GREENBELT, Md. (WJZ) — A DC pastor allegedly bought 39 cars, including a Tesla, and a property in Baltimore with CARES Act funds, a federal complaint says.
Rudolph Brooks Jr. of Cheltenham, Maryland was charged with federal wire fraud and the government can seize more than $2.2 million held in various bank accounts as well as a 2018 Tesla Model 3.READ MORE: The Fight For Cruelty-Free Cosmetics: Maryland Will Be 5th State To Ban Testing Makeup On Animals
The Coronavirus Aid, Relief, and Economic Security Act, which was enacted in March 2020, was supposed to provide emergency financial assistance to millions of struggling Americans who’ve lost jobs or other suffered other economic consequences of the pandemic. Up to $659 billion in forgivable loans were given to small businesses for employee retention and certain business expenses.
The funds must be used on payroll costs, mortgage interest, rent, and utilities.
Brooks, who’s the pastor and founder of Kingdom Tabernacle of Restoration Ministries, owns Cars Direct by Gavawn HWD Bob’s Motors. The affidavit alleges that on May 9, Brooks applies for a PPP loan on behalf of Cars Direct in the amount of $1,556,589. In support of this ask, Brooks allegedly submitted fraudulent tax forms, reporting $724,469 in payments via Forms 1099-MISC and $7,471,630 in total unemployment payments to employees.
IRS records however do not reflect any tax filings made by Cars Direct for any tax period, meaning they don’t have employees.
Additionally, the Maryland Department of Labor has no record of Cars Direct paying wages or of Brooks receiving wages.
Then Brooks allegedly submitted a EIDL loan application on April 7, 2020 on behalf of Cars Direct that contradicted information in the PPP loan application, the affidavit said. This EIDL loan stated the company’s gross revenue was $148,000 and cost of goods sold was $82,293 in the year prior to the pandemic.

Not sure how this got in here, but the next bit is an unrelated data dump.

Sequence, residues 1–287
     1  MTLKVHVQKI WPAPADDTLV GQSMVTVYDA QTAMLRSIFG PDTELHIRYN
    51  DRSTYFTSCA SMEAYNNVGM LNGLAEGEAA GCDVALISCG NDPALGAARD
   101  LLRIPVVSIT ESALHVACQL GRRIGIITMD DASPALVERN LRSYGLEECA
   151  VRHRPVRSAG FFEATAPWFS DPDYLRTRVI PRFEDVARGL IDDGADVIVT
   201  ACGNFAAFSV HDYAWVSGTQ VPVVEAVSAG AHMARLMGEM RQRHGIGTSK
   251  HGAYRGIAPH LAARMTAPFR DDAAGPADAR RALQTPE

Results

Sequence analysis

The Cars Direct PPP loan was approved for $1,556,589 on May 9, 2020 and deposited into one of Brooks bank accounts. Brooks allegedly opened another bank account by name of Payroll by BJM and transferred $500,000 to it. Feds say although the account exists, no payroll or payroll related expenses were paid from this account. Brooks allegedly opened additional accounts in the name of Cars Direct into which he transferred PPP loan funds.READ MORE: Johns Hopkins University Helping India Fight Covid Surge
Records revealed that Brooks allegedly used the PPP funds for” personal expenditures including credit card bills, purchases at restaurants, retail stores, grocery stores, and automotive auctioneers, and mortgage payments for Brooks’ Cheltenham residence,” according to a press release.
Brooks also allegedly used the PPP funds to buy 39 use automobiles, including a 2017 Mercedes Benz S Class, two 2017 Infinity Q50s, a 2015 Cadillac Escalade, a 2005 Bentley Continental, a 2018 Tesla Model 3, a 2014 GMC Yukon XL and several older model luxury vehicles.
The purchase of the vehicles is not an “appropriate use” of the loan funds, under the PPP loan terms.
Brooks then initiated a wire transfer from his personal account to Tesla Motors for $60,407 on July 30, 2020 in order to purchase a 2018 Tesla Model 3. “Rudolph Brooks” was listed as a customer for this vehicle and a DC driver’s license of a close relative of Brooks was on file. Maryland records show that the Tesla was registered in Brooks’ name at his Cheltenham home.
Brooks then initiated two more wire transfers on August 13, 2020 from one of the Cars Directs accounts for $144,343 and $2165 to a title company regarding a property in Baltimore, Maryland. Real estate deeds show the Baltimore property was purchased by Madaro, LLC for $148,500. Madaro was registered with DC on Aug. 8, 2019 as Brooks is listed as a resident agent for the company.
Brooks then executed an auction contract of sale on June 18, 2020 to purchase the property.
The feds are authorized to seize up to $2,296,136.86 from eleven bank accounts and the 2018 Tesla Model 3.
If convicted, Brooks faces a maximum sentence of 20 years in federal prison for wire fraud followed by three years of supervised release.MORE NEWS: Driver Sought In Fatal Hit-And-Run Crash That Killed Lakisha Furnanders